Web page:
The presence of ALDH1A1 was additionally assessed using RT-PCR. For RNA extraction, biopsy samples were dewaxed (Bonin & Stanta, 2013) and then washed twice in cold PBS, pH 6.8. Then, total RNA was extracted using TRIzol reagent (Invitrogen, Cat # 15596026. USA) following manufacturer’s instructions. RNA concentration was measured by optical density using absorbance at 260 nm in a Multiskan GO light spectrometer (Thermo Scientific). RNA quality was verified by agarose gel electrophoresis by means of a BioDoc-UVP imaging system, as well as by 260/280 nm ratios. RT-PCR was performed using 5 μg of RNA which was treated with DNAse (New England BioLabs, Cat # M0303S) and using MMLV reverse transcriptase (Invitrogen, Cat # 28025013, USA), following manufacturer’s instructions. To amplify ALDH1A1, the following primers were used: forward 5’CCG TGG CGT ACT ATG GAT GC-3´ and reverse 5´-CGC AAT GTT TTG ATG CAG CCT-3’, for β-Actin, the primers used were: forward 5’-TGG CACC ACA CCT TCT ACA-3’ and reverse 5’-TCA CGC ACG ATT TCC C-3’.

Western blot assays

Total protein extraction was performed using a lysis buffer kit for tissue Qproteome FFPE Tissue Kit (QIAGEN, USA Cat. # 37623) following manufacturer’s instructions. Samples containing 50 μg of total protein were separated on 12 % SDS-PAGE gels and transferred onto polyvinylidene-difluoride membranes (Bio-Rad, Hercules, CA, USA). Membranes were blocked for 1 h at room temperature in 5 % skimmed milk, Tris-buffered saline with 0.1 % Tween-20, and then incubated at 4 °C overnight with primary antibodies against human ALDH1A1 (D9J7R) XP (Cell Signaling, Danver, MA, USA, Cat. # 36671S 1:1000) or DYRK1B (Sigma Aldrich, Cat # HPA028786, 1:1000). Blots were washed and incubated with a HRP-Goat/anti-rabbit secondary anti-body (Invitrogen Life Technologies, Cat. # 656120, 1:5000). As a positive control, blots were stripped and tested again with a monoclonal anti-β-actin antibody (Sigma-Aldrich, Cat. # A3854, 1:1000) and then with a goat anti-mouse antibody (Invitrogen, Cat. # 62-6520, 1:5000). Secondary antibodies were coupled with peroxidase (Life Technologies, Rockford, IL, USA) and proteins were revealed with Western Lightning® Plus-ECL, Enhanced Chemi-luminescence Substrate (Perki-nElmer, Inc., Waltham, MA, USA). Images from the films were digitally acquired with a BioDoc-It Imaging System (UVP).

Results and Discussion

Identification of ALDH1A1 in Glioblastoma tissue

Firstly, the clinical history of the patients was re-viewed (Table 1), as well as tomographic images (Figure 1a-c) of the glioblastomas. Tissue biopsies were characterized, and the presence of ALDH1A1 was additionally assessed using RT-PCR (Figure 1d) and mass spectrometry (Figure 2).

Table 1.

Clinical characteristics of patient’s GBM.


Gioma
grade
Age
(years)
Sex Medical records Tumo location RT
cycles
CT Time survival
(months)
Male Female DM HT Ht SMOH ALD Fro Par Occ Right Left
GBM 29 + + + + 30 Tmz,Bvz 47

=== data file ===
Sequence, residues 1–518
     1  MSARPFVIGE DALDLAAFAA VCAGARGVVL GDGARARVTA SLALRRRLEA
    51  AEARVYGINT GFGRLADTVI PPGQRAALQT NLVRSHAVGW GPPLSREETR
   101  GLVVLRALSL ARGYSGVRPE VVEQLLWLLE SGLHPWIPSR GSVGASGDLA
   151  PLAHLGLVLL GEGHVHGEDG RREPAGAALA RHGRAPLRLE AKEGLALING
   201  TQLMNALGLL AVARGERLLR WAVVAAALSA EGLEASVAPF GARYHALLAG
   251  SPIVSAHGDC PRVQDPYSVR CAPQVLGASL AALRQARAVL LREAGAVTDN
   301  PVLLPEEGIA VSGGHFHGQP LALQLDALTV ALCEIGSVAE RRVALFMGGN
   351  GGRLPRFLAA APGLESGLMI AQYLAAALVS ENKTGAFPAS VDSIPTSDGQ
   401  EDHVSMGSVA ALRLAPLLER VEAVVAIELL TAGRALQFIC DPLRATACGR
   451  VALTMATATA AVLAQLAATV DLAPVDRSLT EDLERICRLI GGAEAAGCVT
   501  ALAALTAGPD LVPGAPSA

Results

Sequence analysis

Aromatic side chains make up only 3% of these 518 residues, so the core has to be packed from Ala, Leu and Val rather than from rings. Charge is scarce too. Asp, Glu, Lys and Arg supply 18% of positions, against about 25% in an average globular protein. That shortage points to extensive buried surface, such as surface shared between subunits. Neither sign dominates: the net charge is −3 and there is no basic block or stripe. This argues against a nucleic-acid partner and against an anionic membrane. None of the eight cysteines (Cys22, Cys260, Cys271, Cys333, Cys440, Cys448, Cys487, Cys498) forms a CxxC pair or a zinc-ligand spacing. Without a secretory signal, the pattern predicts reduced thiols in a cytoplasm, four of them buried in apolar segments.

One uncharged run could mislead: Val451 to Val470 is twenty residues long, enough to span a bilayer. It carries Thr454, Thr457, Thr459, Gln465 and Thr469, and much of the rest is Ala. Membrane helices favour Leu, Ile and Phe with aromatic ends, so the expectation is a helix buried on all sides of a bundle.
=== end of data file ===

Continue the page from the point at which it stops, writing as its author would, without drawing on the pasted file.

GBM 42 + + + + + + 30 Tmz 8
GBM 47 + + + + + + + 25 Tmz 6
GBM 59 + + + + + + + + 34 Tmz 15
GBM 60 + + + + 0 neither 1
GBM 60 + + + + + + 0 neither 1
GBM 61 + + + + + + + 30 Tmz,Cbp 3
GBM 62 + + + + + 22 Tmz 2
GBM 65 + + + + + + 32 Tmz 4
GBM 72 + + + + + + + 29 Tmz 3

TFN1DM= Diabetes mellitus; HT= Hyperthyroidism; Ht= Hypertension; SMOH=Smoking; ALD= Alcoholic disease. Fro=Frontal; Par= Parietal; Occ= Occipital. Tmz= Temozolamide; Bvz= Bevacizumab; Cbp= Carboplatin.



[Figure ID: f1] Figure 1.

Glioblastoma (GBM). Representative magnetic resonance images of three different patients with GBM. Images show single tumors with central necrosis and peripheral reinforcement associated with the Gadolinium (GD) contrast medium associated with extensive peripheral ring edema were identified; a) Tumor in axial section. b) Tumor in coronal section and in c) Tumor in Parasagital section. d) RT-PCR analysis specific for aldh1a1 and β-actin in the samples of patient’s with GBM, as negative control no DNA was added in the assay.



[Figure ID: f2] Figure 2.

ALDH1A1 detected in Glioblastoma tissue. a) A representative mass spectrum of precursor ion 796.3 m/z of ALDH1A1 in MS3 using an ESI-MS/MS-based peptide method. The precursor ion corresponded to the peptide ANNTFYSAGVFTK this sequence was analyzed by Blast-nucleotide and corresponded to the alpha chain of the aldehyde dehydrogenase (https://blast.ncbi.nlm.nih.gov). b) Mass spectrometric parameters used for ALDH1A1 detection.


Effect of ALDH1A1 in cell growth of U87-MG glioblastoma cells

To evaluate the effect of ALDH1A1 on cell viability, human glioblastoma U87-MG cells were treated with different concentrations of purified recombinant ALDH1A1 protein (Figure 3). The cultures were evaluated at 48 hours after treatment, the number of viable cells was quantified using Trypan blue exclusion assay. The vehicle without protein was used as a control. ALDH1A1 was observed to induce an increase in the number of viable cells due to the increase in proliferation, in a concentration-dependent way. The increase in cell viability was believed to be related to cellular metabolic processes since this has been also reported by other authors (Tomita et al., 2016; Yue et al., 2015) regarding the participation of ALDH1A1 in the process of cell growth and proliferation.